American Express Unit Slashes Costs, Makes Turnaround : Fireman’s Fund Uses Ax to Reach Safety
American Express Co., which last month reported an 18% increase in 1984 earnings of $610 million, credited its once-flagging property-casualty insurance arm, Fireman’s Fund Insurance Cos., for having made “substantial progress” in responding to the unit’s $242-million loss recorded in 1983.
In contrast, American Express’ insurance division reported net income of $43 million in 1984. Earnings by the fast-growing life-insurance operation offset the property-casualty business’ modest $7-million loss.
The 1983 disaster cost American Express its 36th straight year of ever-higher earnings, and the company responded by dispatching President Sanford I. Weill and the head of the successful travel-card business, William M. McCormick, to clean house in Novato, Calif., where Fireman’s Fund has its headquarters. The pair quickly laid off nearly 1,200 employees, cut layers of management and brought in new data-processing systems to reduce the 122-year-old company’s tradition-bloated overhead.
Bigger Than Imagined
“I thought the task was sizable,” McCormick said in an interview, “but it was even bigger than I imagined. But we’re no longer the (industry’s) high-cost producer; we’re right in the middle of the pack.”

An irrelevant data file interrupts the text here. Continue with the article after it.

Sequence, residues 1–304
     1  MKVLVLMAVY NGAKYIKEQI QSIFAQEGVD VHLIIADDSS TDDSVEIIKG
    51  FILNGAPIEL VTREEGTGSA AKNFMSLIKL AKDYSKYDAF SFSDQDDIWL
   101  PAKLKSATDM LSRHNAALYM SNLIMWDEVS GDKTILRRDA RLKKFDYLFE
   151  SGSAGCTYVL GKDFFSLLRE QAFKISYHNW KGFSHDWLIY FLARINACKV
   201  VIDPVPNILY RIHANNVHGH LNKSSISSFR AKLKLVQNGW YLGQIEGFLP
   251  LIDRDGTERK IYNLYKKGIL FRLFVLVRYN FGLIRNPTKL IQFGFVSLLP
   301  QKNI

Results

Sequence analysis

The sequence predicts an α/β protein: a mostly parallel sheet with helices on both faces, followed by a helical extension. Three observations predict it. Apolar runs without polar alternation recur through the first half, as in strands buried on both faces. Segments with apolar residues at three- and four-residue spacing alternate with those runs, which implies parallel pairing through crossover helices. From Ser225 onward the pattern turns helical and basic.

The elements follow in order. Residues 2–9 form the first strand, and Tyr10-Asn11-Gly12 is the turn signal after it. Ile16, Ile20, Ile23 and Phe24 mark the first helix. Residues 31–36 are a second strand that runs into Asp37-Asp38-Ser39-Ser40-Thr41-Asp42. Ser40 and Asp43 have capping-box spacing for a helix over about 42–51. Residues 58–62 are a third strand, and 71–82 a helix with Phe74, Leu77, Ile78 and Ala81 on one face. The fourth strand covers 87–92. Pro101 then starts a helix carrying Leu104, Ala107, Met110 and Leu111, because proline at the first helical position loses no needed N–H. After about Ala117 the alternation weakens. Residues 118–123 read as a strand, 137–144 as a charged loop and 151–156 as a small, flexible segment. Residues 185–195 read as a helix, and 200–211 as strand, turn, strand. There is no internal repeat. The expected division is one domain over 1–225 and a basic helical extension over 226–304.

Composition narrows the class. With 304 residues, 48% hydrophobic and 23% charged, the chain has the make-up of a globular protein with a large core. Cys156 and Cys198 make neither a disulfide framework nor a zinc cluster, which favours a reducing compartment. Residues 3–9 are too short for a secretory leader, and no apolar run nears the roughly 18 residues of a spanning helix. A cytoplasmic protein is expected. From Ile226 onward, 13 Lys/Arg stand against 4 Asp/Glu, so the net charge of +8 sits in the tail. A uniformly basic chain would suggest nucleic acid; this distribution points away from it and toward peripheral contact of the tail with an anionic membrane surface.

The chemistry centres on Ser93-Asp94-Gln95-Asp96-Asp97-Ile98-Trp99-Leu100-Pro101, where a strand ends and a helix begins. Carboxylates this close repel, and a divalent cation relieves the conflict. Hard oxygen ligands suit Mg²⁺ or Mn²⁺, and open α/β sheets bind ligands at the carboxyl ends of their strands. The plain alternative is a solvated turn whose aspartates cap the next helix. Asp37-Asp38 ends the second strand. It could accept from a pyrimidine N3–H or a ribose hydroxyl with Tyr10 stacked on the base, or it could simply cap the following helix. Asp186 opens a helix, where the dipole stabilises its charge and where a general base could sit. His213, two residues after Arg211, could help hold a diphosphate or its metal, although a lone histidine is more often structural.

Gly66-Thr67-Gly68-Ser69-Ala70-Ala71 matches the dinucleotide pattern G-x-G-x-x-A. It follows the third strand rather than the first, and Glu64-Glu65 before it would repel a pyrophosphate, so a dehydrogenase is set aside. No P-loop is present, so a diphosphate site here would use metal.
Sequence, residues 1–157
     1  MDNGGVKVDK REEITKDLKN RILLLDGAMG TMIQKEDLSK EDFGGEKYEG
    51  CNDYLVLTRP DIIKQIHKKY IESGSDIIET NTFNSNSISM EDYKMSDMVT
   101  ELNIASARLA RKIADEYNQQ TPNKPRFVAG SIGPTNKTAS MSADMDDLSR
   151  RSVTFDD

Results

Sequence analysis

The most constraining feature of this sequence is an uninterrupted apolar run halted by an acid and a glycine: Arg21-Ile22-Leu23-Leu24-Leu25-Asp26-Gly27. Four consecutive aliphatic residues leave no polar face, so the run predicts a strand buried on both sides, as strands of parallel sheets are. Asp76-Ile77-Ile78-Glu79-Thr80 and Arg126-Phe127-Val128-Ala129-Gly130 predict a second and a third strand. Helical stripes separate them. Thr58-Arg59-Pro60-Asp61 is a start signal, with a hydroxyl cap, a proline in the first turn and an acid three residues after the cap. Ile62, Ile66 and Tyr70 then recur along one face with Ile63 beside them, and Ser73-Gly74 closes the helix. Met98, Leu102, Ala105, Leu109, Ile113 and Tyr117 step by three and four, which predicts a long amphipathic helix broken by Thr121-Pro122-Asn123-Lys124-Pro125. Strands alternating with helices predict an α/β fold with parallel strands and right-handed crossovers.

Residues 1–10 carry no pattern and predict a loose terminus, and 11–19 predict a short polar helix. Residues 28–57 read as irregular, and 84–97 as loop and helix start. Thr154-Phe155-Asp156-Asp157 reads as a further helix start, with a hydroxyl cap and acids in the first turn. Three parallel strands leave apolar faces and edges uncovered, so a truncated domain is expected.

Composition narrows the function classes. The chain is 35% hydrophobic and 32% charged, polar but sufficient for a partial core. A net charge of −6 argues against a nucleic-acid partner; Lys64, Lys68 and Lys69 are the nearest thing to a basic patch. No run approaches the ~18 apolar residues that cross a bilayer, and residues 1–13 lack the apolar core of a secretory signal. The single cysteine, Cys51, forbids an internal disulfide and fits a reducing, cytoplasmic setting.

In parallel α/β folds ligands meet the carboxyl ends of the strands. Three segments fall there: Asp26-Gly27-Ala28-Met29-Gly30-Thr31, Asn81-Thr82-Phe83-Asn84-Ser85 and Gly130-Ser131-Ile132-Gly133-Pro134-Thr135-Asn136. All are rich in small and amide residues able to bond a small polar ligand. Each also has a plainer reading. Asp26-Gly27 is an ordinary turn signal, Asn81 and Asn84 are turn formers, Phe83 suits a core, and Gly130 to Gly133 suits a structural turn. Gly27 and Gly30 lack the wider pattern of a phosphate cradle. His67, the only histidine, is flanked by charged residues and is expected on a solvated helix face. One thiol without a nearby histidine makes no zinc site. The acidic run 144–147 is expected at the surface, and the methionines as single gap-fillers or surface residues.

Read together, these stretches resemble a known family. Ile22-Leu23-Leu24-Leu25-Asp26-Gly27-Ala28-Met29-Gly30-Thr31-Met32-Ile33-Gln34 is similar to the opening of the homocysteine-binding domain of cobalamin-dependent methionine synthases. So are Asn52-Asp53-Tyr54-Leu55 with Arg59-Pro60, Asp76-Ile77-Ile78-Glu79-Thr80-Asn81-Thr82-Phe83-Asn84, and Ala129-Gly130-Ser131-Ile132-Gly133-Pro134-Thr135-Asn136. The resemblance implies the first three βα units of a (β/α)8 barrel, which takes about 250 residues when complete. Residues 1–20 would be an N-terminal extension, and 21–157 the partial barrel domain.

Cost-cutting sliced 4.4 points off Fireman’s cost ratio--a measure of how much it spends in overhead alone to write $100 of insurance--trimming it from $36.6 in 1983 to $32.20. And the company’s burgeoning claims rate declined modestly in 1984.
McCormick predicted that Fireman’s Fund’s effort to regain its former stature as an industry leader will take three to five years. “I see light at the end of the tunnel,” he quipped, “it’s just that the tunnel is so long. . . . “
Recent analyses by Paine Webber Mitchell Hutchins, E. F. Hutton Group Inc. and Smith Barney, Harris Upham & Co. place Fireman’s Fund ahead of the industry in emerging from a six-year downer in the cyclical business of property-casualty insurance. “It now appears that the . . . 1983 problem may have been a blessing in disguise (for the company),” Paine Webber noted, “because it motivated management early on to take steps that now seem to be stabilizing the property-casualty underwriting operation.
“In contrast, most other property-casualty companies we research are still experiencing significant increases in claims frequency.”